Monday, October 19, 2020

It was supposed to be easy

Heart of Rocks Loop is in the center (heart) of Chiricahua National Monument. You can get there by hiking down from the top or up from the bottom. The latter option seemed like a good idea. A gradual ascent in exchange for an easy downhill return at the end, when I’d be more tired. Because I’m an old guy.

The hike started at the visitor center, on Lower Rhyolite Trail. Wide, smooth, almost flat. I was energetic and optimistic. Piece of cake. But then the trail got narrower and rockier. And steeper. Still no problem.

By the time I reached the junction with Sarah Deming Trail I needed a rest. That was only a mile and a half? It seemed farther. A constant uphill grade makes demands (polite requests?) upon the cardio system. My legs were saying, “Yeah, we’re doing some work, but we’re okay.”

Up... up... up...

Sarah Deming Trail continued to climb. Relentlessly. My legs were asking, “Are we about done here?” The last quarter mile is a set of steeper switchbacks, featuring stairs whose rises are about twelve to sixteen inches. (Most stairs have a rise of four to seven inches.)  I was totally burned out and wobbly-legged by the time I reached the summit and the junction with Heart of Rocks Loop. Then, surprise, my phone chirped. There was good cell reception. A small reward, in case the scenery and sense of accomplishment weren’t enough.

After some (more) water, a protein bar and checking my email, it was time for the main event. And a few more steep trail sections. It was worth it.

We humans see faces everywhere

Kissing Rocks

Downhill hiking should be a literal stroll in the park. Except the footing gets trickier. Feet can slide on loose bits, sending you into the arms of gravity. I picked foot placement carefully and avoided any falls or twisted ankles. Leg muscles that had spent the first half of the hike going tighten, tighten, tighten, tighten were now tasked with releasing tension gracefully—over and over and over—while the heart and lungs asked, “What’s the problem down there? This is the easy part.”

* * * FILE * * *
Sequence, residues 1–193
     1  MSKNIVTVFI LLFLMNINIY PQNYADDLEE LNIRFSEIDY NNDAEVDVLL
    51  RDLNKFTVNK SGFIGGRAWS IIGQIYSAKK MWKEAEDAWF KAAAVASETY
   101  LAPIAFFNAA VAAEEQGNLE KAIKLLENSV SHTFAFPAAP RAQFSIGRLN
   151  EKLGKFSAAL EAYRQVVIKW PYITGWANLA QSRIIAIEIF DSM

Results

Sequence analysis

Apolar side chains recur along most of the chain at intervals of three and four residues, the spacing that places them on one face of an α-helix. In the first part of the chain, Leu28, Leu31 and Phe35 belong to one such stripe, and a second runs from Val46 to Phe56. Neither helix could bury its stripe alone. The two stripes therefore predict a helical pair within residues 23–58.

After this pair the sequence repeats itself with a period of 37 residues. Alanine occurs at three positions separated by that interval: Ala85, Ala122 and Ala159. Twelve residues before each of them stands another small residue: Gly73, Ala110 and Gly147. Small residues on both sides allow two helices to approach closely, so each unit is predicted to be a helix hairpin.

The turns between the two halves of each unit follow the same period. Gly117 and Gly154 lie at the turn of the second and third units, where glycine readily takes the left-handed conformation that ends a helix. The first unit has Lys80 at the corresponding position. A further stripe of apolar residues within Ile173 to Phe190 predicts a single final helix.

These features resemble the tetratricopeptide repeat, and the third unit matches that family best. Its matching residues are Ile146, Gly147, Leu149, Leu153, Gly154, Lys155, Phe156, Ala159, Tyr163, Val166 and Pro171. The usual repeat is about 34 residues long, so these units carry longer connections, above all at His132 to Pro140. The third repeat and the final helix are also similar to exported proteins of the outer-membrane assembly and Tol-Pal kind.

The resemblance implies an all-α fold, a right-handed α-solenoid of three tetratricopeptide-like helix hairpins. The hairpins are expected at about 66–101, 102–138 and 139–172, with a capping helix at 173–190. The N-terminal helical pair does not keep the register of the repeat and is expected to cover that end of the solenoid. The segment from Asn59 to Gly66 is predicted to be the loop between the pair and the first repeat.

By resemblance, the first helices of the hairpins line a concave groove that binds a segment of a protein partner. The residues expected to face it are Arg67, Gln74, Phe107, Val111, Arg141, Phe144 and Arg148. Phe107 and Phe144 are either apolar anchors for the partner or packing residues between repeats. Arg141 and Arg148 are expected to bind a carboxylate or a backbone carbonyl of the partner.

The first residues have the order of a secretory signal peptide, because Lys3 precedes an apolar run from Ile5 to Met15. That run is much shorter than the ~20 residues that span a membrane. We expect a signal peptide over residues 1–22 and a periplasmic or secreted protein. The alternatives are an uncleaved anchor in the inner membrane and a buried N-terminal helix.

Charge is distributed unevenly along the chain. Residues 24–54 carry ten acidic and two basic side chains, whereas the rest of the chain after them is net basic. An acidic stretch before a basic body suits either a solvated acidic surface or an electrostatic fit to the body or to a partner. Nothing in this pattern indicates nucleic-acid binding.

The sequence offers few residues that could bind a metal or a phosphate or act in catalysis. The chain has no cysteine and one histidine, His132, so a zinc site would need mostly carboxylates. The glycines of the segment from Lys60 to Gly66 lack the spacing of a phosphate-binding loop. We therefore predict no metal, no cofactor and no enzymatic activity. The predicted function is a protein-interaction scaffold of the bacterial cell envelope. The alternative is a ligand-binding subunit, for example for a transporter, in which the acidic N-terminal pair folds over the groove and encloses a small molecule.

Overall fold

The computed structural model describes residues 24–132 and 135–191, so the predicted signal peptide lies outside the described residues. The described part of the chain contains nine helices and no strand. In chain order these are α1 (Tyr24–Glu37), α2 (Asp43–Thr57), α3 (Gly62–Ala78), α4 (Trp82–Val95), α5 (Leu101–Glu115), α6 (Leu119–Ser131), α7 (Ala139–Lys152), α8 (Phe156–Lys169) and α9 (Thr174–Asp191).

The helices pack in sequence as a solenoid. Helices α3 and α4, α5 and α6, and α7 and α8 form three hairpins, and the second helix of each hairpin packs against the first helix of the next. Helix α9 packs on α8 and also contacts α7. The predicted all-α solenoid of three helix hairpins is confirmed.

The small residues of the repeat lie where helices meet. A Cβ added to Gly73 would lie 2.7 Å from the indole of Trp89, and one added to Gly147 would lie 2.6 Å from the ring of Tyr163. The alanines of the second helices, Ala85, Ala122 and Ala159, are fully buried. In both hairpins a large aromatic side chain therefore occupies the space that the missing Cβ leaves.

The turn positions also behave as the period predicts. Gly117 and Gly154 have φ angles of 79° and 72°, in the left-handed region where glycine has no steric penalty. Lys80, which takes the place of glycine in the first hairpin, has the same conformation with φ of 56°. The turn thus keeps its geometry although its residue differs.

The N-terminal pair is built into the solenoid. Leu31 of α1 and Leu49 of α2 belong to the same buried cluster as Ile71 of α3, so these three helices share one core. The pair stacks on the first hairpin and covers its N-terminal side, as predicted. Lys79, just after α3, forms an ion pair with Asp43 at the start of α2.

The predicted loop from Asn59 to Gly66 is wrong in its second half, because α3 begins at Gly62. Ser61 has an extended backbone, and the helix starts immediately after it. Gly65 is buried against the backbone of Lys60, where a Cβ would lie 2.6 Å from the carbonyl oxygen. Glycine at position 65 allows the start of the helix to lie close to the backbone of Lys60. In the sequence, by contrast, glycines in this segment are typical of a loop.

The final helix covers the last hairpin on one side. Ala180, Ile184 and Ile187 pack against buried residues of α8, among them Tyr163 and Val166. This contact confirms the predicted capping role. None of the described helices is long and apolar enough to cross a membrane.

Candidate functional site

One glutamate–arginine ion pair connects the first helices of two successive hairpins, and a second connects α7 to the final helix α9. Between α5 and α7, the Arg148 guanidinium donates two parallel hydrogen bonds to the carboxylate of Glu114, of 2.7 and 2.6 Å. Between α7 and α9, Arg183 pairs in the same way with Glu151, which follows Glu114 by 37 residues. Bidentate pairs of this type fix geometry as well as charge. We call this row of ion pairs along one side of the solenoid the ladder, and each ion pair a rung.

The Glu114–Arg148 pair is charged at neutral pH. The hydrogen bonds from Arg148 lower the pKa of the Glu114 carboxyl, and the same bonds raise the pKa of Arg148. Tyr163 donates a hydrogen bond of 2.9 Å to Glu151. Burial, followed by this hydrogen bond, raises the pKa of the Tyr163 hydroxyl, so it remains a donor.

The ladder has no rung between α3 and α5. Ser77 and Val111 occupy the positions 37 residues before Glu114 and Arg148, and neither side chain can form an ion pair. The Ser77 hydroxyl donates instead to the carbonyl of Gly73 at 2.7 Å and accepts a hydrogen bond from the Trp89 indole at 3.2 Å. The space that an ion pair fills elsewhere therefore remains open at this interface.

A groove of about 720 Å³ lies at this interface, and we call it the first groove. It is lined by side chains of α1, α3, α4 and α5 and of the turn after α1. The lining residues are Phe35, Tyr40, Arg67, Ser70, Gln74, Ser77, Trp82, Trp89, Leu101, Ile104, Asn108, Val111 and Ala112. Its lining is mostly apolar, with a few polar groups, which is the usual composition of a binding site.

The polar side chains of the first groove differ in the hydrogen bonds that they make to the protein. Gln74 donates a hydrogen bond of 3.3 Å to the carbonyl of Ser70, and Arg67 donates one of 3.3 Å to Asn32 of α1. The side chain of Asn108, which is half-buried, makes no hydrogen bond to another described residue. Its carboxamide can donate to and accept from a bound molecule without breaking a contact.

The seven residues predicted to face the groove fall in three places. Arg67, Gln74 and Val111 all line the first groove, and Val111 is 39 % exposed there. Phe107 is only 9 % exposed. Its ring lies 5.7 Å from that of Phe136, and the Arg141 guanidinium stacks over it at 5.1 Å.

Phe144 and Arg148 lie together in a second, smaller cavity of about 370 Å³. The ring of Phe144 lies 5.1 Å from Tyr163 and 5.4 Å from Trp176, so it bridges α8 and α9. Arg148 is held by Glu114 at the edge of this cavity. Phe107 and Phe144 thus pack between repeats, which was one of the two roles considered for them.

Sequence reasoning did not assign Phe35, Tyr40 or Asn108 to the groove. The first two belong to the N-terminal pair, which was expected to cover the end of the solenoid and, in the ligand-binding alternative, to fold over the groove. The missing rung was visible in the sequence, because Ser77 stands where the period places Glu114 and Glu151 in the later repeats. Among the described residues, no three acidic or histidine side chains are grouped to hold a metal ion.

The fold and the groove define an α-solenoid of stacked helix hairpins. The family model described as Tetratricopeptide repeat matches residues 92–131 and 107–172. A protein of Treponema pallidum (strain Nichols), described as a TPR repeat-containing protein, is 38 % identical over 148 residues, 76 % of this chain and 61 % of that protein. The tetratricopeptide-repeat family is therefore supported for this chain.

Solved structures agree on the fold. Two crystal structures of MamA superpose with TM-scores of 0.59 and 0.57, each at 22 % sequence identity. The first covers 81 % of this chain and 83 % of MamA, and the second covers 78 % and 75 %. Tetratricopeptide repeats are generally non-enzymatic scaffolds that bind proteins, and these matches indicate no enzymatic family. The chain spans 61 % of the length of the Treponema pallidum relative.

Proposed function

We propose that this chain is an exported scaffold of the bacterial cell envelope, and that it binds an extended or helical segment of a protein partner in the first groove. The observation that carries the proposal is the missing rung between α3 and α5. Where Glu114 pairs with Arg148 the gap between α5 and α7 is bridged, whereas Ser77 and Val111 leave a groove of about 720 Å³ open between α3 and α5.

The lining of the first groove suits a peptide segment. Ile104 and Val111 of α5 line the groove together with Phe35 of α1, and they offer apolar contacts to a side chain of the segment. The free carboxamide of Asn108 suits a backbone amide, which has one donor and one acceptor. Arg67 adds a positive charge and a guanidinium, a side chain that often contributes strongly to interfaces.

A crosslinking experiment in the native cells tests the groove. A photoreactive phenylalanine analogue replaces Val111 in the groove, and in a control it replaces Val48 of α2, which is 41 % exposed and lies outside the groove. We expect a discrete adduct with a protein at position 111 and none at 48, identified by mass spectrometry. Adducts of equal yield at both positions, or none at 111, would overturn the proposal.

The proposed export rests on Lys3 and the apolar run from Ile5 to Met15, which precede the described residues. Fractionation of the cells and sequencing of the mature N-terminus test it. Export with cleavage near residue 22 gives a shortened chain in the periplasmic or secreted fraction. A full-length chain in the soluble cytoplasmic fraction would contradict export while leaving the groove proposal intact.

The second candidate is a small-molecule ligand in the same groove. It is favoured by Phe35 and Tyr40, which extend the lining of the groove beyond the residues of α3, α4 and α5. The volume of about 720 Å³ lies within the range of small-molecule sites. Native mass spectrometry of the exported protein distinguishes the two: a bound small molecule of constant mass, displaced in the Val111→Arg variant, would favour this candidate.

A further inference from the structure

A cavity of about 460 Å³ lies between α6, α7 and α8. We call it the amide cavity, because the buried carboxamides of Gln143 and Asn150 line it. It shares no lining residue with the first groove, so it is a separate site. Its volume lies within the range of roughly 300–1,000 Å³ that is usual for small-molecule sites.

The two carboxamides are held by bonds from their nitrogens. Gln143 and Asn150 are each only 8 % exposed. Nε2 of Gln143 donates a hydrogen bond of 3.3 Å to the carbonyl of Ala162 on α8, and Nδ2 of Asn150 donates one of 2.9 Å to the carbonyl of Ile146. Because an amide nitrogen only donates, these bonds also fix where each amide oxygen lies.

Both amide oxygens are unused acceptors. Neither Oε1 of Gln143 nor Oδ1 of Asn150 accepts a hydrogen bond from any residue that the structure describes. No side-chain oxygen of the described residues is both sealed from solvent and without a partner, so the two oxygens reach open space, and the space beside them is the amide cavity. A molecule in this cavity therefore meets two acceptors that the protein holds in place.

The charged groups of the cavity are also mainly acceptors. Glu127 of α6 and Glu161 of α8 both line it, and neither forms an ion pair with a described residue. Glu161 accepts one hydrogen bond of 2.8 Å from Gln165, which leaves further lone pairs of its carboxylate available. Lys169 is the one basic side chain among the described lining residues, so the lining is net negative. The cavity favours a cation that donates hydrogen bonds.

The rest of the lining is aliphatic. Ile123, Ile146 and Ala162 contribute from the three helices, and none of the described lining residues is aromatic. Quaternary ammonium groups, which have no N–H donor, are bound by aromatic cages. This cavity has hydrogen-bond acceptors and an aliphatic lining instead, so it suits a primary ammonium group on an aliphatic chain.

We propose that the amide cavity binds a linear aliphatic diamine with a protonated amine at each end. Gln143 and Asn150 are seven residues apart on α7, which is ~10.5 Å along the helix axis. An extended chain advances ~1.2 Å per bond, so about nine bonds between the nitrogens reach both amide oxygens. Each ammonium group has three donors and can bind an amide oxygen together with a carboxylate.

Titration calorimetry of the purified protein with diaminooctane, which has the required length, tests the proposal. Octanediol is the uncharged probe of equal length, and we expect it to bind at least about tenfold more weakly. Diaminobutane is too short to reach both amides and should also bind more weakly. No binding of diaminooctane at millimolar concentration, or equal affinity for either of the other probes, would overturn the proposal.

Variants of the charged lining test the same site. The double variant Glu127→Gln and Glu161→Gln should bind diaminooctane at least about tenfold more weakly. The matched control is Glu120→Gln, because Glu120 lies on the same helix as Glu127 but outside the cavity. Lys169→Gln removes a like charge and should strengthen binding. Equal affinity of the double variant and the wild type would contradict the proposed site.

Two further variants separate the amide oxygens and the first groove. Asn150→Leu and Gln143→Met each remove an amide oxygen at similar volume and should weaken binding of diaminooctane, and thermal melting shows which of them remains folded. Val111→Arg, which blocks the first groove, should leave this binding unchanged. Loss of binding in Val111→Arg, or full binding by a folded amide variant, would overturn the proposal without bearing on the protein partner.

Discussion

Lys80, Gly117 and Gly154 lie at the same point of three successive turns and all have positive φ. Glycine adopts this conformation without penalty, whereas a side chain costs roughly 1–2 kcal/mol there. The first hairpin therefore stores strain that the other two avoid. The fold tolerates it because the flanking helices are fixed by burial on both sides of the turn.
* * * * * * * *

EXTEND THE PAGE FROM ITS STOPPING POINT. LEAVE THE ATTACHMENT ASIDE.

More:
By the time I got back to the bottom part of Rhyolite Trail I started having wishful-thinking-induced hallucinations. I saw a large patch of white through the trees ahead and convinced myself it was the Rolling Steel Tent. Alas, it was just some sunlit cliff face. Not home yet.

Unlike other hikers returning to their mere cars, I had the Most Comfortable Bed Ever awaiting me in the Rolling Steel Tent. I collapsed for and hour and a half.

This was the most exhausting hike this former couch potato has ever done. July’s hike at Garden Creek Waterfall was intensely vertical, but only for a short distance at the beginning. This hike was like five hours on a StairMaster, but with no Spandex-clad cuties panting and sweating next to me. 

Now I have a frame of reference for a 1,600 foot elevation gain in three miles. I know what it's like, and I know can do it.


  1. You are my new HERO. I no longer can do those hikes. Congratulations.

  2. That is a healthy amount of elevation change.

  3. Replies
    1. I'm chuckling, because as I was hiking I thought of your guys. "Well, this certainly isn't wheelchair accessible."

    2. You're right about that! Some of it doesn't look like it's walking accessible. :-D

  4. Get a walking schtick....that picture in rock tells me that guy needed a new dermatologist.

    1. I have a stick, but I wanted both hands free for easier videography.

  5. I thought it was called smooching rock....